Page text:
Leverhulme Trust: Mortality and epidemiological change in Manchester, 1750-1850



Dr Romola Davenport

Cambridge Group

University of Cambridge



Professor Jeremy Boulton

School of Historical Studies

Newcastle University


Research Associate

Dr John Black

Cambridge Group

University of Cambridge


Manchester Cathedral in 1831

This new Leverhulme-funded project will provide initial estimates of mortality levels and trends in the world’s first ‘industrial city’, Manchester, during the classic Industrial Revolution era, 1750-1850. This period coincided with a transformation of epidemiological regimes in north-western Europe and a precipitous decline in urban mortality, that was essential to the rapid urbanisation and industrialisation that ensued. The project will address two major lacunae in our understanding of population change in Britain during the Industrial Revolution; the causes of the striking improvements in urban life expectancies after 1750; and the impact of industrialisation on health and mortality in the first century of industrial growth.

In 1750 Manchester was a town of less than 20,000 people; by 1850 it had grown to become Britain’s third largest city, with a population of c. 250,000, its growth predicated on its role as the centre of the British cotton industry [6]. Engels documented the living conditions of the poor in Manchester in the 1840s with devastating effect, and nineteenth-century Manchester came to epitomise some of the worst excesses of industrialisation for the urban poor [7]. Yet infant mortality (a widely used indicator of living standards) in early Victorian Manchester was significantly lower than levels prevailing in even very small urban settlements of a few thousand people a century earlier. Therefore it is probable that Manchester enjoyed an absolute decline in infant mortality even as its population grew by an order of magnitude after 1750, and as population densities rose.

This project will provide a first overview of mortality in Manchester during its rise to manufacturing pre-eminence, using the exceptionally rich records that survive for the collegiate (parish) church. The collegiate church sextons’ books recorded age, cause of death and burial fee from 1753 to 1848 (with some gaps). Used with caution, trends in the age distributions of causes will yield insights into changing levels of exposure and immunity in the case of immunising infectious diseases, and high frequency time series and spectral analyses will be used to model changes in epidemic frequency and disease transmission. The rich detail of the burial evidence will allow close analysis of changes in patterns of mortality by season, age and cause within the first year of life, and will be used to test the impact of factors such as breastfeeding patterns and smallpox inoculation and vaccination on infant mortality rates. In addition we will we will create counts of all extant burial, baptism and marriage records for the parish of Manchester and the township of Salford. This will allow us to quantify the impact of the proliferation of religious institutions and non-conformity, to contextualise the collegiate church’s contribution, and to estimate the appropriate proportions of the population at risk of burial at the collegiate church, for the calculation of demographic rates. Key to the study is a sustained comparison between Manchester and London, using the evidence for London already generated by the ‘Paupers’ Lives’ Project. Comparisons of trends in the distributions of burials by age and cause in each city will enable us to identify the common factors that underlay the apparently ubiquitous decline of urban mortality between 1750 and 1820. In addition, the apparent divergence of mortality trends in the two cities after 1820 provides an opportunity to test competing hypotheses regarding the impacts of urban institutions and industrial growth on life expectancy and living standards across the classic period of the Industrial Revolution.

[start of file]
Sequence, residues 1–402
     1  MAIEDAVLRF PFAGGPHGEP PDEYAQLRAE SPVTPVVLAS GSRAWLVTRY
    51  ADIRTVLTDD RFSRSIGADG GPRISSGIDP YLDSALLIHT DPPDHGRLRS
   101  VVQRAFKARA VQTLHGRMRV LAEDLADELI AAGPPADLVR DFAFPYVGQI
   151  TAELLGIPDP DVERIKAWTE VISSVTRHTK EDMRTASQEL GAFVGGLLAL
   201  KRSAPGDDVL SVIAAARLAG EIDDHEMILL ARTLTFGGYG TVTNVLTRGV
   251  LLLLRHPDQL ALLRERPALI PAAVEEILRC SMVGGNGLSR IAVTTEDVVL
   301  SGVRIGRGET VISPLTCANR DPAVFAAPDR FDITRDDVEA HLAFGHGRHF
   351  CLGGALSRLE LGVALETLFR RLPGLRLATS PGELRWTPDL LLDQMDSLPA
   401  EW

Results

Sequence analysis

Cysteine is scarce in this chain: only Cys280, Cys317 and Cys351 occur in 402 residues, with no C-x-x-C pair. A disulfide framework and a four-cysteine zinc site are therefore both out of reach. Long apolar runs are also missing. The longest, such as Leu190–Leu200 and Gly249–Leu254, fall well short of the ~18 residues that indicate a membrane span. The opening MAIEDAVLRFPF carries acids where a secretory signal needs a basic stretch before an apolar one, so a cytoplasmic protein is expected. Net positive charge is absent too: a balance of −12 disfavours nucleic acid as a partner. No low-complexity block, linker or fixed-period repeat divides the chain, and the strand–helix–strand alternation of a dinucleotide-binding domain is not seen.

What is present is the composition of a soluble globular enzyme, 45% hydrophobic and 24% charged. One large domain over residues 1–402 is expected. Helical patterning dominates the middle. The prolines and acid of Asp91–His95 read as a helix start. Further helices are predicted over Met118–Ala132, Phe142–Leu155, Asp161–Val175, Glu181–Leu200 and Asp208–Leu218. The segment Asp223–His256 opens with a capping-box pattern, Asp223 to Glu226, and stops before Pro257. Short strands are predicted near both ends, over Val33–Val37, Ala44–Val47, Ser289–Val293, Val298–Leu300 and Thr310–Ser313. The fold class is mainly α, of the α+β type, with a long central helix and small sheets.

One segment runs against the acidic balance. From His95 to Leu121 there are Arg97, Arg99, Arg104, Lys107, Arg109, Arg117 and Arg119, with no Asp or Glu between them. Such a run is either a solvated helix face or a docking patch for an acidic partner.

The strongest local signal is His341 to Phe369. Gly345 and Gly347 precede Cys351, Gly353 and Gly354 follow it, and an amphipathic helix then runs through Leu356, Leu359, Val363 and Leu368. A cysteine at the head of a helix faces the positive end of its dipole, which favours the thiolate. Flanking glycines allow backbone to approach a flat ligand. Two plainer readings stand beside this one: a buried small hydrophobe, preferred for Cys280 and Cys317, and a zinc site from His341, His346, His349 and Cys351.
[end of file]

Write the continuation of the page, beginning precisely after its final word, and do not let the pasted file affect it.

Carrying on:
The project is funded by the Leverhulme Trust and will start on 1st January 2013.




This website is maintained by jeremy.boulton@ncl.ac.uk